So far, the antagonists of dopamine D2 and D3 receptors are known to inhibit body weight loss in ABA (Klenotich et al., 2015; Klenotich et al., 2012; Verhagen, et al., 2009). OLZ is a typical antagonist with affinity for multiple receptors, including the D2 receptor, and a randomized-controlled trial has shown that it suppresses body weight loss (Attia et al., 2019). It is thought that OLZ is effective for rodent ABA and human AN because abnormalities of the dopamine system have been reported in AN patients, and there is a decrease in homovanilic acid and an increase in D2 and D3 receptor binding in the anteroventral striatum (Klenotich et al., 2015). In the present study, LGD was shown to be superior to OLZ in improving survival in ABA (Figure 4C,D).
A study reported that tyrosine and fish oil did not suppress the body weight loss caused by 40% food restriction but improved hypothalamic dopamine levels, while improving anorexia and cognitive impairment (Avraham et al., 1996; Avraham et al., 2011). Another study showed that chronically elevated dopamine led to enhanced motivation for food reward (Cagniard et al., 2006). In addition, drugs that can increase dopamine concentrations in brain tissues can also be potentially used for the treatment of ABA (Frank, 2014). In this experiment, LGD improved survival (Figure 3A), body weight (Figure 3B), and increased dopamine levels in brain tissue (Figure 6), pointing to the same relationship between dopamine and ABA as the previous studies.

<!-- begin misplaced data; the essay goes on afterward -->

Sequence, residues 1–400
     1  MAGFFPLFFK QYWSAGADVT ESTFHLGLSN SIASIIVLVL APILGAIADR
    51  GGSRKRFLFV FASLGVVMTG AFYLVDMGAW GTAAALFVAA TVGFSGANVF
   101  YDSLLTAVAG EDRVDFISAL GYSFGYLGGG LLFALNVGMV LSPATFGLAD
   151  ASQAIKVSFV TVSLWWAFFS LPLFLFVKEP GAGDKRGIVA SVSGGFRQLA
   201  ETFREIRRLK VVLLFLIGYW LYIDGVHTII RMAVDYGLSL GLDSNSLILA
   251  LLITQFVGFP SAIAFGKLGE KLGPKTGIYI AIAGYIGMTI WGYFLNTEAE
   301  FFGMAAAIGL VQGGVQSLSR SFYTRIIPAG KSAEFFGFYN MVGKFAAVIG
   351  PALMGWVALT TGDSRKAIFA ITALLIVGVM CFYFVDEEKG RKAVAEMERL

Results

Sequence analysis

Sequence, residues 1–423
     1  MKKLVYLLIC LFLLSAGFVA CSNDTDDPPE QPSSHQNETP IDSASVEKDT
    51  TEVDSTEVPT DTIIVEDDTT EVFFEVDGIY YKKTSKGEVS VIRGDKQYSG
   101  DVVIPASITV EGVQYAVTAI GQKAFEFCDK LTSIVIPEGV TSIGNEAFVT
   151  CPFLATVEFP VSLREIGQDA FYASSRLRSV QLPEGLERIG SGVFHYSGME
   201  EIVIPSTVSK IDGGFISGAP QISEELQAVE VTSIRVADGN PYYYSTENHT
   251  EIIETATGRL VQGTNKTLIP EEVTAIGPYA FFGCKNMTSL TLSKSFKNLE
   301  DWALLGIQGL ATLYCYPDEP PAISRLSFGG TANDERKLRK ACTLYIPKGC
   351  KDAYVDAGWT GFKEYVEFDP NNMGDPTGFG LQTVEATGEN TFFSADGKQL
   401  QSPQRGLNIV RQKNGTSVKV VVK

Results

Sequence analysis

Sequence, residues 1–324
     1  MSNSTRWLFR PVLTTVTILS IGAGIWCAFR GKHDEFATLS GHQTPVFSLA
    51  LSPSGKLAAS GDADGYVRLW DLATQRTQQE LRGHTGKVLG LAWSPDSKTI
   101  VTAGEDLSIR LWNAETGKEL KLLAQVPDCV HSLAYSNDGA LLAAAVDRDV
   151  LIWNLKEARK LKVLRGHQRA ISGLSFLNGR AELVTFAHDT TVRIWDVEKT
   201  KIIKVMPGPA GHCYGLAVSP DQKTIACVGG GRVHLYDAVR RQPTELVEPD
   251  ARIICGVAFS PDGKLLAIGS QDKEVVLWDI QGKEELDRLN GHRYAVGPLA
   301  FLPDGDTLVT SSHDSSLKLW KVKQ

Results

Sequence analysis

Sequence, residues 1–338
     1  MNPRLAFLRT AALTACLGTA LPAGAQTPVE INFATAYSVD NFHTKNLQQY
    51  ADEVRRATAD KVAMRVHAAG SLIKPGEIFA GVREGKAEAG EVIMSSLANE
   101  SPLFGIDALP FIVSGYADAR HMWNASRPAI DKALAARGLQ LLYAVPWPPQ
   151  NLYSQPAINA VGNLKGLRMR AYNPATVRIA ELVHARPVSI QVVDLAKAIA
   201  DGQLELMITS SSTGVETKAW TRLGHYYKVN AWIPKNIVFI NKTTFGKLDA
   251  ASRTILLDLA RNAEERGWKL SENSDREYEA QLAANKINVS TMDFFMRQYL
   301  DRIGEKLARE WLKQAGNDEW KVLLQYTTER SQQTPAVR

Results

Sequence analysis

In patients with anorexia nervosa, dynorphin levels in the cerebrospinal fluid (CSF) are within the normal range (Kaye, 1996). In our experiment, the levels of dynorphin were not significantly different in the fasted CON and water groups. Dynorphin is usually associated with stress response, pain, emotional control, learning, and memory (Schwarzer, 2009). Przewlocki et al., 1983 confirmed that the level of dynorphin in the hypothalamus and pituitary changes significantly with circadian rhythm and following food or water deprivation (Przewlocki et al., 1983). In the present study, LGD tended to increase the levels of dynorphin (Figure 6). The increase in dopamine and dynorphin levels in brain tissue seemed to be correlated with the increase in LPAR.